Ask why…

I used to work for a company in their maintenance facility.  One day my boss called me into his office and said, “You need to take 5-why training.”  “Isn’t that just when you ask why 5 times?”, I replied.  “Yeah, pretty much” was his response.

The 5-why method is a process of drilling down to a root cause.  It is a very simple root cause analysis (and not very powerful) but it’s power is in that it can be used very easily by just about anyone.  Let’s use maintenance as an example.  Say a pump breaks down.

Scenario: Pump Breaks down.

Why?  Mechanical seal failed.  If you stopped at this point, you might simply try to  replace the mechanical seal or blame the manufacturer.  If you continue down with the process you will find…

Why?  Wrong seal used.

Why?  Proper seal not in the warehouse.

Why?  Inventory database not updated

Why?  don’t know…

You can see that the problem has shifted from a mechanical problem to a supply chain management problem.  Drilling down using the 5-why method helped to get to the root cause.  (though there may be further root causes, but we couldn’t find out the answer to this…)

When looking at assessing our wants vs our needs it is important to ask why.  The 5-why serves as an example as to why you shouldn’t stop at the first why.  You need to drill deeper.  If you want to get yourself out of debt, or to improve your money situation, you need to ask why several times.

Scenario 1

I want to buy the newest BMW. Why?

I need car.  Why? And a BMW is one of several cars, why a BMW?

Because I want to ride in style.  Why?

So people will be impressed with me, so I can impress my friends, my parents, so people will think that I’ve “made it”.

This is the point we want to get to.  You have to really look inside yourself and understand why you think you need something.  If it for status, you need to understand why you want that status.  If you have convinced yourself that you do, then can you find another way of attaining that?  Additionally, I’m assuming that being debt free is also important.  So where does this want sit in relation to that want?

The point of this exercise is not to make you stop buying things (though it kind of is).  The point is to get to the root problem as to why you think you need to buy these things.  What purpose are they filling?  Is it for status?  Is it to satisfy a need?

The hard part of this exercise is being honest with yourself.  For this to work, you have to look unflinchingly at the reasons behind your behavior.

Try it.  Ask yourself… why?

Price as a poor indicator of value

There are two ways to look at price as a function of value.  On the one hand, increasing price could be seen as an indicator of increasing value.  On the other hand, one item that performs the same function as another item but is cheaper can be seen as a better value.  Let’s examine the former first.

Axiom: Increasing price is an indicator of increasing value.  (i.e. price ~ value)

When it comes to value, it is very difficult to define what value is.  A Louis Vuitton purse performs the same function as a no-name brand purse, they both carry stuff.  However, one would argue that a Louis Vuitton purse carries a higher fashion status, and thus can add value to your life from a social perspective.  Other than this, I see no value in a Louis Vuitton purse.  Advocates of Louis Vuitton will point to higher quality stitching, to durability etc, but I think this is mostly false.  You can probably get a Louis Vuitton purse before they stamp the LV on it and you will note that it is 90% cheaper.  Same purse, but your friends aren’t as impressed.  Because of branding, increasing price does not equal increasing value.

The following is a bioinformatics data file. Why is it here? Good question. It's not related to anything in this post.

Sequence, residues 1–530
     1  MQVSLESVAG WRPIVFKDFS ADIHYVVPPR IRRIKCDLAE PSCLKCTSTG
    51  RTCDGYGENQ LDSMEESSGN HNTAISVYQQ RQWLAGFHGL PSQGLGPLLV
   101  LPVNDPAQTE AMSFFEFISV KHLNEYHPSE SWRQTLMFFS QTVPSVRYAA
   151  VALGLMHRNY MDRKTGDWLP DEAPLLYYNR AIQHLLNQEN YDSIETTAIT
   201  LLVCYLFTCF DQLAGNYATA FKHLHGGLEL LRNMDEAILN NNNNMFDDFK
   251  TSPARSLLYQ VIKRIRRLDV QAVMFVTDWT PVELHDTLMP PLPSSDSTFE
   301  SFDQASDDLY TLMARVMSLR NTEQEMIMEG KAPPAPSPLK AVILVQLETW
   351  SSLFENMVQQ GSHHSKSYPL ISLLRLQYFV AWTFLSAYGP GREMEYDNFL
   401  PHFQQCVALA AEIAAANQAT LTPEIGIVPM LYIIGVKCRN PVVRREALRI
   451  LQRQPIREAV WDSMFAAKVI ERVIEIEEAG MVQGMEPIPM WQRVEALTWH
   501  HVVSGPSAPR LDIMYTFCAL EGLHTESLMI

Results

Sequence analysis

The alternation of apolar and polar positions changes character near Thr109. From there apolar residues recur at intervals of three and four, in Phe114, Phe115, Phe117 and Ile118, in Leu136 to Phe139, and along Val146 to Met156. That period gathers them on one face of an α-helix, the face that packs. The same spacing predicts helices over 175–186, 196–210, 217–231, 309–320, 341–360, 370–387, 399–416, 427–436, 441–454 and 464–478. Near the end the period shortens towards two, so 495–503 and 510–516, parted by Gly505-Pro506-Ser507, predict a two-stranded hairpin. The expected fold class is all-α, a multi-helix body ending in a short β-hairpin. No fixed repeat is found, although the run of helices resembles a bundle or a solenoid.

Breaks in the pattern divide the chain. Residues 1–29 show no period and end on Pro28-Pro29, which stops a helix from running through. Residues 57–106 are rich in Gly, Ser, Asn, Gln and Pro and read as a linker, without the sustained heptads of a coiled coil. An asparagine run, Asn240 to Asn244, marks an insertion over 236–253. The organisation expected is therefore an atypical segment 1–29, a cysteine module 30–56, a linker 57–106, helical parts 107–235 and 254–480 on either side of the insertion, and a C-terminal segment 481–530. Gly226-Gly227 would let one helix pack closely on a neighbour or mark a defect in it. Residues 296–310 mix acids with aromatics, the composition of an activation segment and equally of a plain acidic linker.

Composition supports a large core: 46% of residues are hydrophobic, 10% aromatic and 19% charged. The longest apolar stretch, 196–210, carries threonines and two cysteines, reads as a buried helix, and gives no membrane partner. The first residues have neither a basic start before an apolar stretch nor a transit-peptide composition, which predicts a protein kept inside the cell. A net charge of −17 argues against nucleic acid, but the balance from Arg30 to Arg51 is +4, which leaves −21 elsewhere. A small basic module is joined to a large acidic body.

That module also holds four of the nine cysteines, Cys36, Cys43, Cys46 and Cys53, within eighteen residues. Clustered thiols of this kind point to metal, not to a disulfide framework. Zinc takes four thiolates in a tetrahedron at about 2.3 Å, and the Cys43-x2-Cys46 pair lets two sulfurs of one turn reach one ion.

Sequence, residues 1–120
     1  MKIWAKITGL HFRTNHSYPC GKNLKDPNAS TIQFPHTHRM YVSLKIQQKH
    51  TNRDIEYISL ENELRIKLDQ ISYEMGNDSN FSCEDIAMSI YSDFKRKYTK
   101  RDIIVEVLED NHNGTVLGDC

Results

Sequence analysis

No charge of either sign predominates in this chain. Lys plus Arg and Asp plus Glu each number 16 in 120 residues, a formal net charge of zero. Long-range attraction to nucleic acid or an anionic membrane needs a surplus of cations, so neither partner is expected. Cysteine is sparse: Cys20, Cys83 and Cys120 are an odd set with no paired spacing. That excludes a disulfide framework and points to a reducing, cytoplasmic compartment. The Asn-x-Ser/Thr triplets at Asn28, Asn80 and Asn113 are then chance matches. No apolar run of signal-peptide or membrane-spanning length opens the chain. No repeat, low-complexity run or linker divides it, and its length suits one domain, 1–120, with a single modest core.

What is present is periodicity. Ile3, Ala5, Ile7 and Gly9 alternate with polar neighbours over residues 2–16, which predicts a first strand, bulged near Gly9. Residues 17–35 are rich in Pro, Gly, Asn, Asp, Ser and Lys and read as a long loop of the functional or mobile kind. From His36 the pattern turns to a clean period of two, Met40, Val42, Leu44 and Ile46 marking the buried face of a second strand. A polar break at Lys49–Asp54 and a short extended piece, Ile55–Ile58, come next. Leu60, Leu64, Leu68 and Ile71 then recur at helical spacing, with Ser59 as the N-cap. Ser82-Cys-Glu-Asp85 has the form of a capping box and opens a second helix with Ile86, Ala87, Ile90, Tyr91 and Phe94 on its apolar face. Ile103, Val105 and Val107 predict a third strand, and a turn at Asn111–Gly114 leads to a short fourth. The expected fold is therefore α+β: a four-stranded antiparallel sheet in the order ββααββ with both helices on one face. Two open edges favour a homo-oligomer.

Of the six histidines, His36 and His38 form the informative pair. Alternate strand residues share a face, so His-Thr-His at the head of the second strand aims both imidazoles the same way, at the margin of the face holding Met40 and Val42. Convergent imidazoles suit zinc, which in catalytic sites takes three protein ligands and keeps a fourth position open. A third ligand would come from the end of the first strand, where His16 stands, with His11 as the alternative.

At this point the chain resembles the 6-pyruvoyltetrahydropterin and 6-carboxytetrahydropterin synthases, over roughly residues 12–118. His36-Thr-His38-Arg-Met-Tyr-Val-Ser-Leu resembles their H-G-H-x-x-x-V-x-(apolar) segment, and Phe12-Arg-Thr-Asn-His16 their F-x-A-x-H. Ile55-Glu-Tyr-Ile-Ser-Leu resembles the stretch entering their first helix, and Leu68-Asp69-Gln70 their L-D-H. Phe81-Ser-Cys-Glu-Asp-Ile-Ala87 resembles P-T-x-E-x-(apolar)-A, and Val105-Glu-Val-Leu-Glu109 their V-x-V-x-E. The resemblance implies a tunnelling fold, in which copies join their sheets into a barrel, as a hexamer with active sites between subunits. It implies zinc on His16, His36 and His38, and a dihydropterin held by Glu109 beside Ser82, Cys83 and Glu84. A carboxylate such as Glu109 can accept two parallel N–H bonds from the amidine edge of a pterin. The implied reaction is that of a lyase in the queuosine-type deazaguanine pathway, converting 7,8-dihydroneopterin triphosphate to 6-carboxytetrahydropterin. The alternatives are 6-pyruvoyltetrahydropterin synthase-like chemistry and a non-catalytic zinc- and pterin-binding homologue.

Axiom: For a similar item of the same function, a lower price indicates higher value.

We could take the same example of the purse but I’d like to use something different.  Too often, and I’ve made this mistake myself, people buy things based solely on price, then are stuck in the cycle of replacing over and over.  I remember buying a pair of cheap jeans for $30.  I probably wore them 10 times before they tore on me.  I then bought a pair of raw denim jeans for $150.  I probably wore these jeans 300 times or more before they tore on me, and I wore them in much higher wear situations than the pair of cheap jeans.  When I’m looking at the store, the cheap jeans cost much less than the raw denim, but from a cost per use perspective, the raw denim jeans were about $0.50/use where the cheap pair were about $3/use.

My point here is that it does not make sense to make decisions on purchases solely on price.  There are many considerations one needs to take into account, like your financial situation, function (status or utility), durability, health etc.

I bring up health because my wife recently bought a travel mug for coffee.  She had her mind made up on a certain type and it was made up of recycled plastic.  When we got to the store, she found another one that was made of glass.  I encouraged her to buy the glass one because glass is inert and thus won’t release any compounds into her coffee.  I think the chances of that happening with the plastic are low, but they are not zero.  We paid more for the glass, but this is where the fuzzy definition of quality (read Zen and the Art of Motorcycle Maintenance) and value come in.

I would also like to point out that while somethings that perform the same function may cost more, they can be infinitely more durable, which means that they are probably more environmentally friendly, since less waste is being generated.

It really depends on why you are buying it.  We are encouraged to buy things so mindlessly.  Before you buy it, wait a second and ask yourself, “Why?”